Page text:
In examining the idea proposed by Greylocks, the counter arguments presented here and the possible repercussions of this action I would say that I heartily believe this to be the best thing we could strive for at the moment.

I would hope that we can all agree that what we do APPEARS alarming to the vast majority of people. 95% of what we are and what we do is lost to the general public. What they see are people shooting up schools, drug dealers carrying replicas and crazy violent youths practicing military violence for god only knows what reason.

If I can be so bold as to presume to speak for Greylocks for a moment, I believe that what he hopes to achieve is to envelope airsoft in a way that it can be presented or seen by the public in an understandable form. People will then see the ‘re-enactor’ first, and the ‘military’ second.

Most importantly I think we need to understand how the general public views re-enactment. I have seen people dressed in Nazi staff uniforms (swastika and all), surrounded by 'SS' troopers, all armed to the teeth (a clearly unfavorable presentation) talking to members of the public (soccer moms and all) and being respected as re-enactors. It is amazing how the public’s opinion will change from "look at those crazy cooks" to at worst a boring disinterest when people are accepted as re-enactors. Re-enacting provides it’s own explanation and logical reasoning for undertaking what may be viewed as 'improper behavior'. It is absolutely socially verboten to dress like a 'Nazi' in public. Why would you? Do you hate Jews? Do you want to kill babies? These are the questions people ask in their heads. However, if you are re-enacting, this creates a different dialogue. Suddenly the exact same action comes with an explanation to your motivations for doing so. OH, you are remembering the horrible things in our past. OH, you are teaching our youth so they wont forget. Oh, you are adding depth to the culture and interest…. Whatever they think, 90+% of the time it will be drastically different.

Everything is perception. Everything. Perception, without further explanation, is your reality. People see no reason for others to run around with real looking guns except perhaps if you are re-enacting. Otherwise, if one sees others fighting with real looking weapons (which are bad), then those same people must then be bad.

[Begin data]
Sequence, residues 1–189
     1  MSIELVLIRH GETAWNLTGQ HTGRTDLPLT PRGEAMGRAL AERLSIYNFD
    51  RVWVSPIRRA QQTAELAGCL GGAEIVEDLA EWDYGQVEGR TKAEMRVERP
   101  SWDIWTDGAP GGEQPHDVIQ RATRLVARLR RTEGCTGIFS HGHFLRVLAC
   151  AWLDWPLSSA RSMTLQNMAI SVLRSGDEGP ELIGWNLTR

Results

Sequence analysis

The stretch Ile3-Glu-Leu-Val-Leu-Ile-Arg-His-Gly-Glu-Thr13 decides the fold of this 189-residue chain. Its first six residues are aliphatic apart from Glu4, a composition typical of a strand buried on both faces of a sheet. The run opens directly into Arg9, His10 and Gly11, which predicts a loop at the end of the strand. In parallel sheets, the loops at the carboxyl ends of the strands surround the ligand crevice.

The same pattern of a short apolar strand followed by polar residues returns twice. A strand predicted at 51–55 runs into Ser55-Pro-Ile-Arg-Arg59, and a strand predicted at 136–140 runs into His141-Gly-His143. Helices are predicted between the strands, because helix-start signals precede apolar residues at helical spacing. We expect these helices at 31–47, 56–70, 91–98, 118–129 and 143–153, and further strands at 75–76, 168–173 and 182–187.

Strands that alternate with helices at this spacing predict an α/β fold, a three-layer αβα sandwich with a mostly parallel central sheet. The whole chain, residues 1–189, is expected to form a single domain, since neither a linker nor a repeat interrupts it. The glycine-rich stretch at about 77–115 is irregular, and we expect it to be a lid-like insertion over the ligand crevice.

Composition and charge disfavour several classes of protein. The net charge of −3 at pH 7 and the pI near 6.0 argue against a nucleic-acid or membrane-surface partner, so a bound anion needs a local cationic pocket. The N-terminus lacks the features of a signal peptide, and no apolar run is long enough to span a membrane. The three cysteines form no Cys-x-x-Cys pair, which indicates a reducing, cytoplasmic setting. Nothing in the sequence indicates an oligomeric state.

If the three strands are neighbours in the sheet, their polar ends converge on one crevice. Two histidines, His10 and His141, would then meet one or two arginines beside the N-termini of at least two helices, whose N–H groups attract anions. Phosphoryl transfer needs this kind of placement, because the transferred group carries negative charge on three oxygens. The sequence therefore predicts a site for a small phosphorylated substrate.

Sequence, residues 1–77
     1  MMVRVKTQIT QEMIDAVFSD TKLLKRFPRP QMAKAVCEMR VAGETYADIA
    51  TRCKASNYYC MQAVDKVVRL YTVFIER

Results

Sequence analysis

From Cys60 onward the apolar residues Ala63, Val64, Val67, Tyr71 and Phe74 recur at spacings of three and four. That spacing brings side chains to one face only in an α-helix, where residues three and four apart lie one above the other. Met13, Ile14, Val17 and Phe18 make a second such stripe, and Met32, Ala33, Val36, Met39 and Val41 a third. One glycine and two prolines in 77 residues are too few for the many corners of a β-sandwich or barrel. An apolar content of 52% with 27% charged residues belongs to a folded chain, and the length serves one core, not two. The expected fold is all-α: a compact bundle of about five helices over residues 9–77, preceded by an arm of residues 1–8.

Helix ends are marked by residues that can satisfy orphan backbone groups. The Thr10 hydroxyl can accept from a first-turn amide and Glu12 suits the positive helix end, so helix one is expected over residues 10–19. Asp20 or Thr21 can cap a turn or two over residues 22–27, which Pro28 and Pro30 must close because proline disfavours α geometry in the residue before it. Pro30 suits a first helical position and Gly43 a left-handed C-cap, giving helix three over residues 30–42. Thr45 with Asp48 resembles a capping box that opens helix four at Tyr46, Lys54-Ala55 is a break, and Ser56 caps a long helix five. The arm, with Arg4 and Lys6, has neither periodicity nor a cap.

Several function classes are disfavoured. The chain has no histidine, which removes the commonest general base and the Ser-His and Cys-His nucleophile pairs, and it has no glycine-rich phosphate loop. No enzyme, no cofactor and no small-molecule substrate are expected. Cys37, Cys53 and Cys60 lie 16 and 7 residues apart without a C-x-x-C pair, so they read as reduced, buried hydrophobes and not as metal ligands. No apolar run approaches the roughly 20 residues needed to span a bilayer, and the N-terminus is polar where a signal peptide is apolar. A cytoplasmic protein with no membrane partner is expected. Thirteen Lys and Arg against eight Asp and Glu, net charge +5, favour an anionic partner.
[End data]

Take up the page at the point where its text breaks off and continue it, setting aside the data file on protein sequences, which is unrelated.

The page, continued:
One of the major arguments against this approach is the resistance to having to change everything about how we play to fit into the small niche of re-enactment. Few people have the patience, money, discipline or frankly the care to ensure all kit, weapons, and actions conform to a set standard. I understand this. However it’s not really a worry at all. There a very few groups in the medieval world who conform to such stringent standards. Every group has different levels. The largest re-enactment society in the world and likely the most recognized is the SCA. They have some of the WORST (and at times best) historically accurate presentations I have ever seen. Have you ever seen a fur clad barbarian 'Knight', fight a Samurai after beating the snot out of another Knight dressed in an industrial blue plastic barrel??? I have. Yet this is accepted by the public (very loosely at times) as re-enactment.

What we do, and the level to which many of us do it, is very easily re-enactment. If you want to stretch it a bit there is no doubt in my mind that every one here could be presented as modern and recent-history re-enactors. So, no worry there, I don’t expect anyone here to hand sew all visible seams, or mix your shield paint from daisies, and no one else will either.